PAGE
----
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33.9.9 MS-DOS File Types

On MS-DOS and Microsoft Windows, Emacs guesses the appropriate end-of-line conversion for a file by looking at the file's name. This feature classifies files as text files and binary files. By “binary file” we mean a file of literal byte values that are not necessarily meant to be characters; Emacs does no end-of-line conversion and no character code conversion for them. On the other hand, the bytes in a text file are intended to represent characters; when you create a new file whose name implies that it is a text file, Emacs uses DOS end-of-line conversion.

— Variable: buffer-file-type

This variable, automatically buffer-local in each buffer, records the file type of the buffer's visited file. When a buffer does not specify a coding system with buffer-file-coding-system, this variable is used to determine which coding system to use when writing the contents of the buffer. It should be nil for text, t for binary. If it is t, the coding system is no-conversion. Otherwise, undecided-dos is used.

Normally this variable is set by visiting a file; it is set to nil if the file was visited without any actual conversion.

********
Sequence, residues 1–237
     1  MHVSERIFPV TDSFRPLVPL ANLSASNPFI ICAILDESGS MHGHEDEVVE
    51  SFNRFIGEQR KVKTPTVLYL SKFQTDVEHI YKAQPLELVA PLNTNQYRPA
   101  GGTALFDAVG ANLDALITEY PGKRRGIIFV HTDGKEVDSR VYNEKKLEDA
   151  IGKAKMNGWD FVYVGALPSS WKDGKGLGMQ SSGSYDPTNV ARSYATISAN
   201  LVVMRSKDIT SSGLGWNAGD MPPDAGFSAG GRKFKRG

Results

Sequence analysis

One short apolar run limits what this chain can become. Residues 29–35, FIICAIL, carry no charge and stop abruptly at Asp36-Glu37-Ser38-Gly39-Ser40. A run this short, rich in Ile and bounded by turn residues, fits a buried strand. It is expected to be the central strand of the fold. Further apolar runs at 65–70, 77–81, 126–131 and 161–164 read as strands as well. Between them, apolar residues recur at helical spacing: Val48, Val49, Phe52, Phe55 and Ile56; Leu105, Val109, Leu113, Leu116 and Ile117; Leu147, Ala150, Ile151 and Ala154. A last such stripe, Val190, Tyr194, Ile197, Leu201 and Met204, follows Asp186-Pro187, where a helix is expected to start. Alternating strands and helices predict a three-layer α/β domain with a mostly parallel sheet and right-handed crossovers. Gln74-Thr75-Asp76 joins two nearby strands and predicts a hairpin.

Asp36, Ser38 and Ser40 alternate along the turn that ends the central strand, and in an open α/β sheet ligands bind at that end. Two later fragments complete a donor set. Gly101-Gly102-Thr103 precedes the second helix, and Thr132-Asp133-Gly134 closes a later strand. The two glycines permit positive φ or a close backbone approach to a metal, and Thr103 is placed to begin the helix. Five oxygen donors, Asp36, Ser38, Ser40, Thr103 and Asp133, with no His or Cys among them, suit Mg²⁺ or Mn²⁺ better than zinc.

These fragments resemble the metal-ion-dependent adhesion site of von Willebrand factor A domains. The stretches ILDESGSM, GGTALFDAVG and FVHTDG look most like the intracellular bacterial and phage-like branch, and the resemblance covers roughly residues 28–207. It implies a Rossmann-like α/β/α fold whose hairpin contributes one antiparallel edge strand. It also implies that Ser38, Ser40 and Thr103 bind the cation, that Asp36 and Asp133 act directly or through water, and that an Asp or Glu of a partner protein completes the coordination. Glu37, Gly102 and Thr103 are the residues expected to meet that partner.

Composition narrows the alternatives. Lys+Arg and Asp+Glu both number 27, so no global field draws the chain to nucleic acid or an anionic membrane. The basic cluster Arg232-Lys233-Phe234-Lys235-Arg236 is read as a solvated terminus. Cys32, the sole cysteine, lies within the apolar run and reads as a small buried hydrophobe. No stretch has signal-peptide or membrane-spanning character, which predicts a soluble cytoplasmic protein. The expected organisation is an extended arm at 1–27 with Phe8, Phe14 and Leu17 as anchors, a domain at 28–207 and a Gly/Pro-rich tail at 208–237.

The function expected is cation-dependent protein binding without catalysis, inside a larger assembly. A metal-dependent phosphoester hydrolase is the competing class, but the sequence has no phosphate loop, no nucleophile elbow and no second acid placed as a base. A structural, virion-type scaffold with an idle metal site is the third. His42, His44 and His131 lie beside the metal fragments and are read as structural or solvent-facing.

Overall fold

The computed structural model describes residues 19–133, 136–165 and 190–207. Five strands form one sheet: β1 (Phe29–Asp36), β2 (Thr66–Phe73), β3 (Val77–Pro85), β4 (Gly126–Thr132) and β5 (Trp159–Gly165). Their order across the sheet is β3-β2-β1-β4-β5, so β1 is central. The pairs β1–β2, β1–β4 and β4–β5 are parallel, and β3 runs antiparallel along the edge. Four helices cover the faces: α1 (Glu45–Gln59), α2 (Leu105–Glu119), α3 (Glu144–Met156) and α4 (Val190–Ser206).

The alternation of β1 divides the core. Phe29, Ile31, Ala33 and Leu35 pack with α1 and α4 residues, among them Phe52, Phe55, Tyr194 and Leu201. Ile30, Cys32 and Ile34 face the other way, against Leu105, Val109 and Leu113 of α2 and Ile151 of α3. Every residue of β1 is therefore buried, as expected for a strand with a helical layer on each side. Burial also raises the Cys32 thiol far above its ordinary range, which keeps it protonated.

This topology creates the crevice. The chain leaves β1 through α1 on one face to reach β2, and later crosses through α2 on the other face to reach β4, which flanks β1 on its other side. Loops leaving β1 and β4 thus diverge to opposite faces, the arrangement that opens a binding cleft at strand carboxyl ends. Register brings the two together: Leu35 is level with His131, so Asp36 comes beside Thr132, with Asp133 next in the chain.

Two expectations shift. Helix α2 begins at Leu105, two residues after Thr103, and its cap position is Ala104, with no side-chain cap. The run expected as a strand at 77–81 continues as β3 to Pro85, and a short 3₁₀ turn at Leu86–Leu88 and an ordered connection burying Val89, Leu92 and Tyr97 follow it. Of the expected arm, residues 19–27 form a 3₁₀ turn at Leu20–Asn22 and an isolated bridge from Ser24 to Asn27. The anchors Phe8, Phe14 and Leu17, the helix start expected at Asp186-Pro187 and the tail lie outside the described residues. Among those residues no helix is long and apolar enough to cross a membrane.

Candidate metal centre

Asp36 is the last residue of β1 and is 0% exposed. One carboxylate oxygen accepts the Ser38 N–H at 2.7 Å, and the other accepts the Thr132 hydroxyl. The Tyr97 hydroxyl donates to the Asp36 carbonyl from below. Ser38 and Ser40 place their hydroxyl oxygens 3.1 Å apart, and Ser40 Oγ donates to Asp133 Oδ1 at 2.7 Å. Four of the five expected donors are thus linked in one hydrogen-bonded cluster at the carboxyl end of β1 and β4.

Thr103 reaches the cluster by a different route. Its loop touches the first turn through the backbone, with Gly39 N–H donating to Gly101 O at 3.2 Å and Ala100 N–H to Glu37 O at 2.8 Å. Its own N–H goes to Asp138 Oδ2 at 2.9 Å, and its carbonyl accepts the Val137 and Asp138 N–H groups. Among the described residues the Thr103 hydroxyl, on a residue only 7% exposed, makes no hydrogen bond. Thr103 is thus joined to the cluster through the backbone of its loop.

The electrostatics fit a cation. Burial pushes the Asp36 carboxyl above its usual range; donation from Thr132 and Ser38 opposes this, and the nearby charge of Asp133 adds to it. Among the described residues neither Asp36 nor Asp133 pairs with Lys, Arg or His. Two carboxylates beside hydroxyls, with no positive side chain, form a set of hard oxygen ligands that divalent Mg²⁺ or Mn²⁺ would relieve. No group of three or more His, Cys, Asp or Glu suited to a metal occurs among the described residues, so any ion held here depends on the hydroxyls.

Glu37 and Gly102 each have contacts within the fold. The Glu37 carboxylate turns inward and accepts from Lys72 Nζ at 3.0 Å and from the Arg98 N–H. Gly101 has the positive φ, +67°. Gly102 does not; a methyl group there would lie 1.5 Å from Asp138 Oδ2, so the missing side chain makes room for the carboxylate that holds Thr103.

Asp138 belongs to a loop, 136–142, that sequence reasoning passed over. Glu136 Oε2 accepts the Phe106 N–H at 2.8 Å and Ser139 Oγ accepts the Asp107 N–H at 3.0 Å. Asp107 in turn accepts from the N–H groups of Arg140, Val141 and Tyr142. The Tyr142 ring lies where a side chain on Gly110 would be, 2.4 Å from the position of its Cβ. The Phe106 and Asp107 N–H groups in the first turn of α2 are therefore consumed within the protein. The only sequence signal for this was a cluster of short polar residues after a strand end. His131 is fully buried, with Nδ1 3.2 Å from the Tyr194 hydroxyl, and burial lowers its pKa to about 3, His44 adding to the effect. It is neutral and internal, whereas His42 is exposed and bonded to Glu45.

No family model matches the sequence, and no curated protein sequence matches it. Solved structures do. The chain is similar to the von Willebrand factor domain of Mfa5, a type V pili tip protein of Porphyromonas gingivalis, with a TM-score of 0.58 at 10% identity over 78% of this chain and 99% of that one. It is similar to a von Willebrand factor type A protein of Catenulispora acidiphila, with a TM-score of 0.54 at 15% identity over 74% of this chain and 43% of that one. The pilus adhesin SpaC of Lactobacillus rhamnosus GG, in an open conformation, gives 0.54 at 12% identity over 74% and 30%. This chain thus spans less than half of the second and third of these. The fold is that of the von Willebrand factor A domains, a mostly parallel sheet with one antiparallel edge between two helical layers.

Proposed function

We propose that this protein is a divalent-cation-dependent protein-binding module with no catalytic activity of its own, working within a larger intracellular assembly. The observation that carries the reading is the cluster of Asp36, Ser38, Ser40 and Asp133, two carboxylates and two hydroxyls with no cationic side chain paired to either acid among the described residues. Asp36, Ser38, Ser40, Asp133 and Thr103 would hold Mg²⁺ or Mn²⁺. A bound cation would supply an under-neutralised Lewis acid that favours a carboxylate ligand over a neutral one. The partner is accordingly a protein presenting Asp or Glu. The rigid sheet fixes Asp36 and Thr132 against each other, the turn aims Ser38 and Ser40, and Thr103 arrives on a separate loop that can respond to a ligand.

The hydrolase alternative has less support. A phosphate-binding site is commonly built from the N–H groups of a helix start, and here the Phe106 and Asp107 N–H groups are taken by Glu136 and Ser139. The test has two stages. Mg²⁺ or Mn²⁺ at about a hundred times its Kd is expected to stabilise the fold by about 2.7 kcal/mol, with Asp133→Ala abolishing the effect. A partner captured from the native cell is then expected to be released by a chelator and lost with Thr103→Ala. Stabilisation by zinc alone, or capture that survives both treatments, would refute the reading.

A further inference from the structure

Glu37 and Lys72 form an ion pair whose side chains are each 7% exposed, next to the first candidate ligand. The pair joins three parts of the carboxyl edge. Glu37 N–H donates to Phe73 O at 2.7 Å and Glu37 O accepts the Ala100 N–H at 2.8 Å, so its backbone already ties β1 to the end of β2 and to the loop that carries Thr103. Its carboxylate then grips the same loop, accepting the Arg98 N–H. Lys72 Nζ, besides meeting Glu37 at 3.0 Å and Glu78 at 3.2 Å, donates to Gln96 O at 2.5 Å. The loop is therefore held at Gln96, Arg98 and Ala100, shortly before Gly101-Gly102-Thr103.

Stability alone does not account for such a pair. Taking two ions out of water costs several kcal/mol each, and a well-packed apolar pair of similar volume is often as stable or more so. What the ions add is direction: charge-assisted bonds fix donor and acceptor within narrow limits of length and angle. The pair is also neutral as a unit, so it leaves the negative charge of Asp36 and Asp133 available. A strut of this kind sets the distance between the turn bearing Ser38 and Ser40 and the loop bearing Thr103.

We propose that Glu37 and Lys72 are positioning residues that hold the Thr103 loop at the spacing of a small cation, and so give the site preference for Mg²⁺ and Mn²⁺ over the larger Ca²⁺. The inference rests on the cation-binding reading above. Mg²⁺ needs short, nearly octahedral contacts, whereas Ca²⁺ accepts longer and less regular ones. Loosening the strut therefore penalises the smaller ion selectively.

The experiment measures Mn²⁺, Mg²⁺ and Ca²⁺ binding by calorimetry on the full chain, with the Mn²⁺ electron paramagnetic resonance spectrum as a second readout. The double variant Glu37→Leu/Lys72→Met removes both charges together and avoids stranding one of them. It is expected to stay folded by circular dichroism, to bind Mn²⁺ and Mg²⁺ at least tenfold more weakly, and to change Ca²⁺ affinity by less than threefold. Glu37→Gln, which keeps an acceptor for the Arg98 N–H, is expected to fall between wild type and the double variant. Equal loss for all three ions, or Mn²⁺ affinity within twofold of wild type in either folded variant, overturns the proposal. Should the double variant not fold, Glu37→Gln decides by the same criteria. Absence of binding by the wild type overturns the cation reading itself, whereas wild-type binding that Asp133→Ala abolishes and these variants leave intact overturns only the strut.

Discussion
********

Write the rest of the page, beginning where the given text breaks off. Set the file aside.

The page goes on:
Its default value is used to decide how to handle files for which file-name-buffer-file-type-alist says nothing about the type: If the default value is non-nil, then these files are treated as binary: the coding system no-conversion is used. Otherwise, nothing special is done for them—the coding system is deduced solely from the file contents, in the usual Emacs fashion.

— User Option: file-name-buffer-file-type-alist

This variable holds an alist for recognizing text and binary files. Each element has the form (regexp . type), where regexp is matched against the file name, and type may be nil for text, t for binary, or a function to call to compute which. If it is a function, then it is called with a single argument (the file name) and should return t or nil.

When running on MS-DOS or MS-Windows, Emacs checks this alist to decide which coding system to use when reading a file. For a text file, undecided-dos is used. For a binary file, no-conversion is used.

If no element in this alist matches a given file name, then the default value of buffer-file-type says how to treat the file.